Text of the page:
In March 2017 Kuwait was looking to tap the international debt markets for the first time, following the footsteps of a host of GCC sovereigns looking to fill a budget deficit induced by a spell of low oil prices.
On 20 March, the GCC state made its debut on the international debt capital markets with largest ever dual-tranche offering from any emerging market, a transaction that was over 3 times oversubscribed with the orderbook peaking at US$29bn.
The issuance was timed to launch ahead of the US Federal Reserve meeting, which was widely expected to lead to a rate hike and push yields up worldwide, so Kuwait used the opportunity to lock in lower yields.
On 3 March, the State of Kuwait announced a series of investor meetings in London and the US, to commence on 6 March. During a two-day roadshow in London and additional one-day meetings in New York, Boston, and Los Angeles, and coinciding with the UAE open, the order books were formally opened with initial price thoughts of T+100bp area for the 5-year tranche and T+120bp area for the 10-year.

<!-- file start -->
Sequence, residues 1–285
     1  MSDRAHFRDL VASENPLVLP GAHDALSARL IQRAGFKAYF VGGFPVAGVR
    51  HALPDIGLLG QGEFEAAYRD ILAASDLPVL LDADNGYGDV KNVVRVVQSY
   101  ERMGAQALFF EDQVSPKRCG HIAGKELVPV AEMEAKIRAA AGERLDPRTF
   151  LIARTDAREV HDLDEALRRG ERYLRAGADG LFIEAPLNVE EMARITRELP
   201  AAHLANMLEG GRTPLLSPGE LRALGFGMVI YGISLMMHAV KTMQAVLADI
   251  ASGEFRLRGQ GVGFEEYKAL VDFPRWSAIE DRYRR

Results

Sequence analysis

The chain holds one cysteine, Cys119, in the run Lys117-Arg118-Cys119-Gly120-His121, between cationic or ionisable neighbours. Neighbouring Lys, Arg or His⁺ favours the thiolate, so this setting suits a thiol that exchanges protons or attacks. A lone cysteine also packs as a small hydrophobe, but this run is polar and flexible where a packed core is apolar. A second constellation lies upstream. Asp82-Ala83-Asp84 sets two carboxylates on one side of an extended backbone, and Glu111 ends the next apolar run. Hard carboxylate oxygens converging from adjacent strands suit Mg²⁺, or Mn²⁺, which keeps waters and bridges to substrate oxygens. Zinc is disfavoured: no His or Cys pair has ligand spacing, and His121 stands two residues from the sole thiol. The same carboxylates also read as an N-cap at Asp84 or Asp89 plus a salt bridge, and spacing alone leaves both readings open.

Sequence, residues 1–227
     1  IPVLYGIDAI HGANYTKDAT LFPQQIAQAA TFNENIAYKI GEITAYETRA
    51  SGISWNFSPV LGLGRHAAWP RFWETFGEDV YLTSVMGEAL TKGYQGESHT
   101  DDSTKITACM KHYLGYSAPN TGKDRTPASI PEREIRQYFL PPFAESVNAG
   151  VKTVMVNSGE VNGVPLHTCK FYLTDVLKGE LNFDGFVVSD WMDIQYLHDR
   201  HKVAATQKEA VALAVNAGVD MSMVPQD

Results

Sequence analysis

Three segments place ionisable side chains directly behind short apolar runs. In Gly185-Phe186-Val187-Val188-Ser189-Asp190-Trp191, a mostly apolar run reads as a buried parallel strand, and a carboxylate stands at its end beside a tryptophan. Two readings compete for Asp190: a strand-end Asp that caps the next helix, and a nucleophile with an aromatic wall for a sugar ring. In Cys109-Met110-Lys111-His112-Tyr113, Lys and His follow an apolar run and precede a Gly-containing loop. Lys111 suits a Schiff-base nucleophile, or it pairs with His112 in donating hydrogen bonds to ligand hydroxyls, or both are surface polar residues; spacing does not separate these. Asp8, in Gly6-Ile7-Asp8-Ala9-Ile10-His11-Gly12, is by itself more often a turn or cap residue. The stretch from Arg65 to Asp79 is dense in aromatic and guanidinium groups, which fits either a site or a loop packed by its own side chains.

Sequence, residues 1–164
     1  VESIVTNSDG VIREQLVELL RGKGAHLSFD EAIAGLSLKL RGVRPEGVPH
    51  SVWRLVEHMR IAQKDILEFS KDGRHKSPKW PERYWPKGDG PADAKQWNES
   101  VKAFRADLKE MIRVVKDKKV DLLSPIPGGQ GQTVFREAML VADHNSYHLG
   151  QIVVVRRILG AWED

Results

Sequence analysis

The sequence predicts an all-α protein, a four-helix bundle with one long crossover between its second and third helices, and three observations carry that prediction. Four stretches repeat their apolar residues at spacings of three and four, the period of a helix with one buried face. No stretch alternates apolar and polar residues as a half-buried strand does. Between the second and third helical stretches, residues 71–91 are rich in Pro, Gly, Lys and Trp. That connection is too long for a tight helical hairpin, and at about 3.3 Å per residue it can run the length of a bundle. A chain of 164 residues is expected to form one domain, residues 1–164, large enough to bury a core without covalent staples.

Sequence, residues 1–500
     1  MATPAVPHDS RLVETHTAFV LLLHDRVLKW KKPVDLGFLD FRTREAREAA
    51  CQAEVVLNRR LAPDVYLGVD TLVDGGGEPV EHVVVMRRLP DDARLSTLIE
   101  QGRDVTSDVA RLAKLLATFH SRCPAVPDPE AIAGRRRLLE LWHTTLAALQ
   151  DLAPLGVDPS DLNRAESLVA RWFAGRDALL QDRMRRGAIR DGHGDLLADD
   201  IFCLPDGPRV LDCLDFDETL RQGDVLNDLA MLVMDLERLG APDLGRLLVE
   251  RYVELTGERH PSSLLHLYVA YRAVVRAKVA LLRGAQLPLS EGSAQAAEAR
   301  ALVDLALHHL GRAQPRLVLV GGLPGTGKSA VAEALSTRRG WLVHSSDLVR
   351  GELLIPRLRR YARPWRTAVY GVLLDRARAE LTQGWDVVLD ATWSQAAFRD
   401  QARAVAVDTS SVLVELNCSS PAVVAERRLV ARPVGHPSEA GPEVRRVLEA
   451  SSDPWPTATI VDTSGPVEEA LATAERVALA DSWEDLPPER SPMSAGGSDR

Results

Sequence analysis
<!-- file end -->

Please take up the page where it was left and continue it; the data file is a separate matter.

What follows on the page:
The deal received remarkable interest, with orderbooks having surpassed US$15bn by 11:00 UK time, at which point a book size update was released to the market.
By the time the US market opened, the orderbook had grown further surpassing US$20bn, at which point price guidance of T+85bp and T+110bp were released to the market.
With US orders taken, the orderbook peaked in the region of US$29bn, making it largest ever orderbook in an emerging market dual-tranche deal and second largest orderbook from a GCC issuer.
The final spreads were set at 14:45 UK time, with syndicates indicating an expected total deal size of US$6-8bn.
The transaction ultimately launched and priced at a total deal size of US$8bn, inside of final price guidance levels at T+75bp for a US$3.5bn 5-year tranche and T+100bp for a US$4.5bn 10-year tranche. This represented a tightening of 25bp and 20bp, respectively, versus initial price thoughts.
European investors led on the 5-year tranche, whereas over half of the 10-year tranche went to US-based accounts, with asset managers taking 65% of the total deal on aggregate.
Nearly half (46%) of the 5-year tranche was allocated to accounts in Europe; 26% was placed with local MENA investors, a further 24% to the Americas and 4% distributed to Asia.
Asset managers composed 60% of all participants on the 5-year tranche, with banks picking up another 22%, SSAs taking 13% and the remaining 5% of the notes allocated to insurance and pension funds.
About 51% of the 10-year tranche was placed with accounts based in the US, 26% of the notes went to MENA accounts, 19% to accounts in Europe and the final 4% to Asia.
Asset managers picked up the majority of the 10-year notes at 68%, followed by banks (25%), SSAs (3%) and insurance & pension funds (4%).